Karmen's dissatisfaction with her own teaching style was heightened by the relationships that she developed with her students, and her discomfort in dealing with some of the boys in her class. As mentioned earlier, the fear of older, challenging students appeared in the form of several boys in her class. She felt intimidated by them, and pressured to select activities and materials to please them so that they would not challenge her authority. She provided them with more opportunities and greater voice in the class in order to "gain leverage" for discipline purposes; she wanted to avoid the possibility of confrontations in her class; she commented, "Boys are more confident, have more of a voice, and can backlash more and act out." So while Karmen spent more time with the girls out of class, talking with them during recess and lunch, she focused much more attention on the boys and structured activities that the boys would like during class time. During group presentations, the boys often did all of the speaking and took ownership of work that often the girls had prepared. This male domination of classroom space is a well-documented phenomenon (Sadker & Sadker, 1986) that is rarely noticed or addressed by classroom teachers, but needs to be part of discussions in teacher education programs.
As Karmen and I continued our conversations about gender issues, she thought back to her experiences as a university student in a teacher education program. She described herself as being oblivious to gender issues, although slightly uncomfortable when she realized that she was in a faculty of mostly women, and that she did not consider the predominance of women to be a positive feature of the faculty. She felt that the men in her faculty were "stepping down" to do women's work, i.e., teaching. And in reflecting on her experiences as a university student, she recognized the difficulty of being recognized as an excellent teacher in a sea of female teachers, whereas it was much easier for the minority of male teachers to be recognized out and their worked singled out as "excellent". Karmen's observation is supported by Coffee and Delamont (2000) who comment, "the majority of recruits into teacher education are female… the feminization of teaching (and teacher training) is secure. Despite this, there is some evidence to suggest that male teacher education graduates do better in securing immediate and permanent employment following the initial period of training." Following recent debates over the relationships between masculinity and schooling and the reported underachievement of boys (Connell, 1995; Mac an Ghaill, 1996; Epstein et al, 1998; Martino, 1995), the perceived need for male role models in schools only serves to place male teacher education graduates in a stronger position for hiring.
There are many other implications for educational practice in Karmen's story. Lack of confidence in their intellectual abilities, their voice, or their knowledge prevents them from moving beyond uncontested teaching practices; fear of being challenged or discovered as not knowing maintains their silence. Belenky's et al (1987) perspectives of knowing explores differences between the ways men and women learn to understand their relationship to knowledge and to their students; it provides a framework from which we can begin to examine and shape the experiences of women in education and challenge existing gendered stereotypes. Young women entering the teaching profession need to be supported as they move through the epistemological categories of:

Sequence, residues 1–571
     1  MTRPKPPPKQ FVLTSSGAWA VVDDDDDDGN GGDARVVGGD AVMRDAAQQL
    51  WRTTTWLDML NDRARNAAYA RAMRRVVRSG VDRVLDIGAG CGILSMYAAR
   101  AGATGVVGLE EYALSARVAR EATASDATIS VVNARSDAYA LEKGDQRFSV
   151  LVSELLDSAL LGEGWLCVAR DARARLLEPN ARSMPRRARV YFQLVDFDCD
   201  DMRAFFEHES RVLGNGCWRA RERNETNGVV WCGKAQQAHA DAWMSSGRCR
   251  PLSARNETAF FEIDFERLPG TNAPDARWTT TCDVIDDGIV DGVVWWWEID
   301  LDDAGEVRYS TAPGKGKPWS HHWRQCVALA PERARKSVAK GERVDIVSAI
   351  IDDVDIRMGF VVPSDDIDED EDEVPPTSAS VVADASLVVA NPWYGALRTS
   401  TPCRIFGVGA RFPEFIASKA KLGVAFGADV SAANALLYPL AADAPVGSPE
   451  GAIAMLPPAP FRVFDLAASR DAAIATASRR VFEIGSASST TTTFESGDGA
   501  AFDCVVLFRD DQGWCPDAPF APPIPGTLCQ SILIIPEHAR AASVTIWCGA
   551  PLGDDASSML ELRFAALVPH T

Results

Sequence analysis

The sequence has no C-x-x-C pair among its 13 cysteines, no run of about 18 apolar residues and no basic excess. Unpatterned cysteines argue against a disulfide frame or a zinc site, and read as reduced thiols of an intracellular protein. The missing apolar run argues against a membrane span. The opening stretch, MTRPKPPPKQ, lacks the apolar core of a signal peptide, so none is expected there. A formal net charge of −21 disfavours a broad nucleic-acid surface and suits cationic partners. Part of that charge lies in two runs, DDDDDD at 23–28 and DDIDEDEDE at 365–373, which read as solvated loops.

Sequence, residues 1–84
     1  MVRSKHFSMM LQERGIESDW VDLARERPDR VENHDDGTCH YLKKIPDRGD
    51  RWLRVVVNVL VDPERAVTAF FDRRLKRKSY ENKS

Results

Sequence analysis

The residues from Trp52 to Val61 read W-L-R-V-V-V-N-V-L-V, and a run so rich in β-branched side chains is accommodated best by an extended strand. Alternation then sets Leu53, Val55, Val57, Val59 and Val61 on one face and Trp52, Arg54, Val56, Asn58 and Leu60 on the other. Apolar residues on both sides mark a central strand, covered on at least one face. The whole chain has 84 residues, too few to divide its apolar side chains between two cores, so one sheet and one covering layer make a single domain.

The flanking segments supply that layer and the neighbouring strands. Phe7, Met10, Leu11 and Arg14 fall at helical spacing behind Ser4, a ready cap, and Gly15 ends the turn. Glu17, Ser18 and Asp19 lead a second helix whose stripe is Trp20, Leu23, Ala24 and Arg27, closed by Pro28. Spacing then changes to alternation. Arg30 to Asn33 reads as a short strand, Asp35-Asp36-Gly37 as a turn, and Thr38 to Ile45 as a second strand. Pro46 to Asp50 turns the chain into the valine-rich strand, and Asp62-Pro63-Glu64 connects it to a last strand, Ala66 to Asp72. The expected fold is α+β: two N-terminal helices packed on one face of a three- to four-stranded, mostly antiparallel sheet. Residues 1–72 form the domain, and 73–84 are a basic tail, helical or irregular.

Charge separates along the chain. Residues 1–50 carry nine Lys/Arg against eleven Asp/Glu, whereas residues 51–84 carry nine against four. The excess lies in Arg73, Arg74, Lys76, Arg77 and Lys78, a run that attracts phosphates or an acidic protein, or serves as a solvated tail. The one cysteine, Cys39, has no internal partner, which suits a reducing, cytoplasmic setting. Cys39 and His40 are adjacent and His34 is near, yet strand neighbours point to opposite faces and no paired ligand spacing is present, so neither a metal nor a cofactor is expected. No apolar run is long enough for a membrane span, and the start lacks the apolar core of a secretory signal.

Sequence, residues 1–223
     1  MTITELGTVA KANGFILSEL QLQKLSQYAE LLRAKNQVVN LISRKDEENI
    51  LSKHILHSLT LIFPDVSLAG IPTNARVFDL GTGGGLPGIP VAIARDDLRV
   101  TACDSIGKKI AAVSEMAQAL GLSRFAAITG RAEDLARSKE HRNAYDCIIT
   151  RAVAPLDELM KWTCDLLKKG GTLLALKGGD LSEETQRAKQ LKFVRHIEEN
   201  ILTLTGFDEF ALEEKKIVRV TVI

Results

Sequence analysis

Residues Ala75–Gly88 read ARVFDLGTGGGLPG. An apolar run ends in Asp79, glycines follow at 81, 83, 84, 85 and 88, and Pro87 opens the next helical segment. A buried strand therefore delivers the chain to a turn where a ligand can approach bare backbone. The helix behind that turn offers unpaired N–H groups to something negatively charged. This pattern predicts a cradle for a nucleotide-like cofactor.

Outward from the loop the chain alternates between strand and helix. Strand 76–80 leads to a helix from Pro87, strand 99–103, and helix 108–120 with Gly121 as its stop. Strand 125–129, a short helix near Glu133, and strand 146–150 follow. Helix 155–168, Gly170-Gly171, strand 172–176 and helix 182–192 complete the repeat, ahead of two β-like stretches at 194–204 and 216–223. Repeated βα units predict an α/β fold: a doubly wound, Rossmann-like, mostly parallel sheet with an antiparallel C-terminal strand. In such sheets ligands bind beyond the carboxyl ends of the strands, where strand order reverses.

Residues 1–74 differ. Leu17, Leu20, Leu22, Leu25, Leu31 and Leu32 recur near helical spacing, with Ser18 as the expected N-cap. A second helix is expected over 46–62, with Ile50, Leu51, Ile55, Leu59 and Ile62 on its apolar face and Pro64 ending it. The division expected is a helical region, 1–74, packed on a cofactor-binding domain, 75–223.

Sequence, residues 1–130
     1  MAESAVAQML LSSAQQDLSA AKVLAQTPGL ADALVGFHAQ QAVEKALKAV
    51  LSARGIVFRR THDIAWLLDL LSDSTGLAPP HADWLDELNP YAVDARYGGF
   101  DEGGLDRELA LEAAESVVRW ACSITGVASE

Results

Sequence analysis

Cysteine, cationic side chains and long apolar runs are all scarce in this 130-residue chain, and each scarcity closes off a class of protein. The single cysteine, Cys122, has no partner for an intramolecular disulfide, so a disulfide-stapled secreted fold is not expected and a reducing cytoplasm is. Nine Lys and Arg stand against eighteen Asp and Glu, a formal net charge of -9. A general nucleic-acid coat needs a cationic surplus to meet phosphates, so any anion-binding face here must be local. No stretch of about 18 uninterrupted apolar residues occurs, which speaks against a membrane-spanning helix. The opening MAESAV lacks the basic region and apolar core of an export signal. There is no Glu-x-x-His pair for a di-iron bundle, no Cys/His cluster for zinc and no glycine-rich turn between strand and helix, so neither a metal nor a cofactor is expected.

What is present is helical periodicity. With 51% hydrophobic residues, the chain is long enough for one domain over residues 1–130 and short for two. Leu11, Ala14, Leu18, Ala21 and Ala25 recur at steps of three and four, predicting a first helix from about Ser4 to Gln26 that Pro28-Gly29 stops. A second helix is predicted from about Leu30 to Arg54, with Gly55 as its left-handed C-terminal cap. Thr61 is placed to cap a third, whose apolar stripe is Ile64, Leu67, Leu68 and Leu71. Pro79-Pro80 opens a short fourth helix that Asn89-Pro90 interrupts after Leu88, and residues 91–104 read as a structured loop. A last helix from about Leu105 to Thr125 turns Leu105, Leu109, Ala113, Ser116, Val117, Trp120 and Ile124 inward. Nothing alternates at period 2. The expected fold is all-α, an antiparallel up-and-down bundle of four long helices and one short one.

1) Silence, women experiencing themselves as mindless and voiceless and subject to the whims of external authority,
2) received knowledge, where women conceive of themselves as capable of receiving, even reproducing, knowledge from the all-knowing external authors but not capable of creating knowledge on their own,
3) subjective knowledge, a perspective from which truth and knowledge are conceived of as personal, private, and subjectively known or intuited,
4) procedural knowledge, where women are invested in learning and applying objective procedures for obtaining and communicating knowledge, and
5) constructed knowledge, a position in which women view all knowledge as contextual, experience themselves as creators of knowledge, and value both subjective and objective strategies for knowing.
As women move through these epistemological categories, they gain a greater understanding of the need to address issues of gender in their classes. Whether they select elementary teaching, English Language Arts teaching, Physics, or Physical Education, gender issues impact learning opportunities; women's knowledge is valuable and needs to be valued by all students in their classes.
The role played by teacher education programs is critical in encouraging student teachers to examine their epistemological frameworks and locate places in which they can grow. In a national survey of teacher educators, Campbell and Sanders (1997) found that while a majority of professors addressed gender equity in their methods classes, the greatest amount of time spent on gender equity was two hours per semester, and discussion focused on stereotypes, teacher/student interactions that favored boys, and girls' under-representation in math, science, and technology. The majority of professors spent much less time, and rarely discussed practical gender equity solutions to problems. The lack of attention to practical solutions to equity problems is of concern because research (Sanders, Campbell, & Steinbrueck, 1997) has shown that teachers are willing and able to change their teaching approaches to incorporate gender equity when given the opportunity and education. They suggest that "teacher education is the point at which future educators are accessible …they are there to learn, have time to learn, and don't have years of bad teaching habits to undo." It is therefore critical that student teachers such as Karmen have opportunities while in their teacher education program and as a student teachers to consider alternative practices for incorporating gender equity .If issues of gender and equity do not get taken up in teacher education programs, critical opportunities for change are lost, as previously discussed. Teachers who do not acknowledge and respond to gender will penalize girls for their compliance, through selection of inappropriate and uninteresting materials, lack of attention and lack of recognition of their capabilities: these female students will comprise a majority of our teachers of the future and perpetuate the stereotypes.